As you might expect, the pandemic has led to a large increase in Boston Public Library e-card signups, and the Black Lives Matter protests led to a huge increase of requests for the most popular anti-racism titles. "During the [Black Lives Matter] protests in June, we saw over a 500% increase in checkouts and holds on the most popular anti-racism titles including White Fragility, So You Want to Talk about Race, Between the World and Me, The New Jim Crow, and more," said Natasha Fee, Senior Public Relations Associate for the Boston Public Library. In the two weeks following the first June protests more than 1,200 BPL patrons requested ebooks of White Fragility: Why It's So Hard for White People to Talk About Racism by Robin DiAngelo, and How to be an Antiracist by Ibram X. Kendi. And hey, Kendi recently stopped by Jamaica Plain's bookstore Papercuts J.P. when he happened to be walking by the South Street store. "We’ve continued to see a steady interest in these items and have been purchasing additional copies of in demand titles (for kids and adults) to meet the demand," said Fee.
Independent bookstore JP Papercuts opened on Green Street in 2014, and only earlier this year it moved to a larger location on South Street. But restrictions placed on nonessential businesses due to the Coronavirus has pushed JP Papercuts into danger of closing. And the store's owner is asking for the public's help to keep the business open. Owner Kate Layte created the GoFundMe page on April 6, and as of Wednesday night, had raised more than $8,000. Layte explained she closed the business on March 14 to do her part to flatten the curve and help stop the spread of the virus.
Wine and chocolate. It's hard to go wrong on Galentine's Day with those two aphrodisiacs. Yes, Galentine's Day. Galentine's Day was created by Amy Poehler's character Leslie Knope on Parks and Recreation to celebrate female friendship on the day before Valentine's Day. JP Centre/South Main Streets is helping you celebrate Galentine's Day with a wine and chocolate tour, and other special local treats on a Feb.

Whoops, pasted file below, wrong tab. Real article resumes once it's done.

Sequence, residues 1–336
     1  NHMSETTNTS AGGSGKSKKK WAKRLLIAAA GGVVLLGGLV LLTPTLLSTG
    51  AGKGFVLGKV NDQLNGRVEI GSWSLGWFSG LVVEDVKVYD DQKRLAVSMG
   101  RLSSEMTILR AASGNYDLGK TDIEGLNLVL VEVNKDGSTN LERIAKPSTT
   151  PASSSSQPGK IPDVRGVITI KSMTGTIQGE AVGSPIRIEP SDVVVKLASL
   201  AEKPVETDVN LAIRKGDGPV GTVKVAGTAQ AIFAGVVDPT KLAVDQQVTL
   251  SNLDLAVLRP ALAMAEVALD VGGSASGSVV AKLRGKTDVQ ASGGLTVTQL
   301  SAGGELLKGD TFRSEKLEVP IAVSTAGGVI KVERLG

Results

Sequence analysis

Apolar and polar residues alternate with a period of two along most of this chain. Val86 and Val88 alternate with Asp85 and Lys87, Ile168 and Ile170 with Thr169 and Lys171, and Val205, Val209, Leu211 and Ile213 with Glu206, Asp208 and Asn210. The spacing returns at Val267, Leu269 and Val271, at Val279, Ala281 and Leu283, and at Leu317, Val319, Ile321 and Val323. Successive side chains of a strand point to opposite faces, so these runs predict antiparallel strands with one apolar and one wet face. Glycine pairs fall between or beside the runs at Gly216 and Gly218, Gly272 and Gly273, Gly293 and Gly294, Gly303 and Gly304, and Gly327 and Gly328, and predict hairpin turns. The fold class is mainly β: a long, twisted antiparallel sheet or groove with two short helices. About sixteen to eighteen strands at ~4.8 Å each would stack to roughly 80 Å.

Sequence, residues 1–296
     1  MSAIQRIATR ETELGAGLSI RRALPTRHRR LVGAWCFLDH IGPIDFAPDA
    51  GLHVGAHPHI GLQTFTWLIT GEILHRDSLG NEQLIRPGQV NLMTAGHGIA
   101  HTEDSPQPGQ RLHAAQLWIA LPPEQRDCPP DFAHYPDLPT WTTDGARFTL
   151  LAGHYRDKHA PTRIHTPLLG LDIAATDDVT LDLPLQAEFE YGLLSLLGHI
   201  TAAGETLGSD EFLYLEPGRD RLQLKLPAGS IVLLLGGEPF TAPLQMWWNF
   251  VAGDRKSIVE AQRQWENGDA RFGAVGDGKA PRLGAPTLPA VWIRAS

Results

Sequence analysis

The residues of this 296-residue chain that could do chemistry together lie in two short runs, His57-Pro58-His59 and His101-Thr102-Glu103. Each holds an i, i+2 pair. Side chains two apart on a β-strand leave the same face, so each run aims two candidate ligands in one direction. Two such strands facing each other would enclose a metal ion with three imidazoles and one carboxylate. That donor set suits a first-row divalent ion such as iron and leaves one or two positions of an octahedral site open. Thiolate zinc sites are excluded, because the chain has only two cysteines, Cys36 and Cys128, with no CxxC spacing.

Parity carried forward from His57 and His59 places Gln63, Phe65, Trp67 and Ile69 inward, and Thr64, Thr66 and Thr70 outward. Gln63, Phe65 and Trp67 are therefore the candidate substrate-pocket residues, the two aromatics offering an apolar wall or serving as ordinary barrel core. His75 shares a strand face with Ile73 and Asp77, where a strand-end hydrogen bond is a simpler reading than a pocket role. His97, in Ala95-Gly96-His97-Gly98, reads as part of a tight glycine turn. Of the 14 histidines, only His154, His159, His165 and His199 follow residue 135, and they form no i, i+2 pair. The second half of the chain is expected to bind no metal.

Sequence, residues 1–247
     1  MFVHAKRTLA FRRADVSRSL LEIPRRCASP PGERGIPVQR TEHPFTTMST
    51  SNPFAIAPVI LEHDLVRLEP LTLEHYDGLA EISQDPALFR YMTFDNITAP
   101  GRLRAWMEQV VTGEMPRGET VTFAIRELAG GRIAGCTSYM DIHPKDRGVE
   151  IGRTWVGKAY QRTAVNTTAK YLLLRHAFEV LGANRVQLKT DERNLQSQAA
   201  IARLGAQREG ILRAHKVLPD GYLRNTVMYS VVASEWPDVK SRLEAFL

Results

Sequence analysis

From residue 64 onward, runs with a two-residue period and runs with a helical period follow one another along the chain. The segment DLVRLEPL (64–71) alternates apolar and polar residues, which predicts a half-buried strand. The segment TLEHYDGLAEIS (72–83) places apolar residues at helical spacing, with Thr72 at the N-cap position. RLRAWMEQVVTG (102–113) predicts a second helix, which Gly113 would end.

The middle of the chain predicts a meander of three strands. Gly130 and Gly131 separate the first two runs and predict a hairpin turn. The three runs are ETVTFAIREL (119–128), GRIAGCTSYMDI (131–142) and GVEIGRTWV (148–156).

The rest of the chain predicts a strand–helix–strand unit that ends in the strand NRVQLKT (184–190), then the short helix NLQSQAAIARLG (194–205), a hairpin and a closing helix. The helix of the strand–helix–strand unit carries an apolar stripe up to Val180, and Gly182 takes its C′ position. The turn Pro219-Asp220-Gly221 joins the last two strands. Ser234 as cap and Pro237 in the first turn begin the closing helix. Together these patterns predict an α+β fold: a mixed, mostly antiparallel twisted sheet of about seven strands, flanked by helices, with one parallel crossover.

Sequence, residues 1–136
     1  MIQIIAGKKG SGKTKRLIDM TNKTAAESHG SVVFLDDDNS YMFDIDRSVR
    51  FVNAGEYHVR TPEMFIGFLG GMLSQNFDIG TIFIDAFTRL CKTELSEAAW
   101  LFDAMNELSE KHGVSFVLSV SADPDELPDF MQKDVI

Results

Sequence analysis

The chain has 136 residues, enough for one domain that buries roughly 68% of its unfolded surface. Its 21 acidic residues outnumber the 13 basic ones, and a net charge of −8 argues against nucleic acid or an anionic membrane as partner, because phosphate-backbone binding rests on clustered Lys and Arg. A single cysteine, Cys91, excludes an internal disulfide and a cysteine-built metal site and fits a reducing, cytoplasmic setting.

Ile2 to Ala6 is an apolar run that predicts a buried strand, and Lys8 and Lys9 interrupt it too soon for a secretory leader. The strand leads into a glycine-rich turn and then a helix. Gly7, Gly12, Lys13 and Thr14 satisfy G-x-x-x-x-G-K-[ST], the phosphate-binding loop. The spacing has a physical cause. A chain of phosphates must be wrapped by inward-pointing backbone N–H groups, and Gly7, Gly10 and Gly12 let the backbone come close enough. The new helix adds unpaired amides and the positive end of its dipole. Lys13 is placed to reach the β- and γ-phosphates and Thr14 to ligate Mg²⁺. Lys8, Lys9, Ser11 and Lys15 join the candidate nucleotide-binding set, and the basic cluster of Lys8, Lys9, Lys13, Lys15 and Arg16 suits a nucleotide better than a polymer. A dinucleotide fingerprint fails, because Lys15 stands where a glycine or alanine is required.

The Papercuts bookstore is on the go, but unlike its Orange Line-themed logo, it can take the bus to its new location on South Street. "I'm absolutely delighted to announce that this morning, I signed a new lease and will be relocating Papercuts in early 2020 to 60 South Street where Fresh Hair has been woman-owned and operated for the last 37 years. I'm honored to carry the torch of woman-owned small businesses high!" wrote Kate Layte, founder/owner/manager of Papercuts J.P. in an email newsletter. Layte founded the neighborhood bookstore in 2014, offering great customer service, holding author readings, and more.
Patience, a willingness to learn, and the ability to revise one’s work extensively: those are just a few of the qualities that were essential to the success of three Jamaica Plain authors who took part in a panel discussion on book writing and publishing Monday evening. The discussion, held at the Connolly Branch of the Boston Public Library, was moderated by Katie Eelman, director of media and events at Papercuts JP and co-founder and editor-in-chief at Cutlass Press, an independent book publisher based out of Papercuts. The story of her blacklisted father
As the panelists noted, it can take years to get from the idea stage to a polished, edited book. “You can’t be impatient because it takes forever and a day,” said Mindy Fried, author of Caring for Red: A Daughter’s Memoir. Fried said that her book began as blog posts about her elderly father’s experiences in assisted living and evolved into a memoir about her role in his care giving, one that offers a sociological perspective on the subject.
The owner of Papercuts JP is co-launching a new publishing venture to complement her independent Jamaica Plain bookstore. According to Improper Bostonian, Papercuts owner and manager Kate Layte, who opened the bookstore in 2014, is teaming up with media and events director Katie Eelman to launch Cutlass Press. Eelman will serve as editor-in-chief for the operation, and hopes to publish between three and five books each year. “There are so many wonderful writers whose work breaks the mold of traditional publishing. We want to help to amplify those voices," she told the Improper.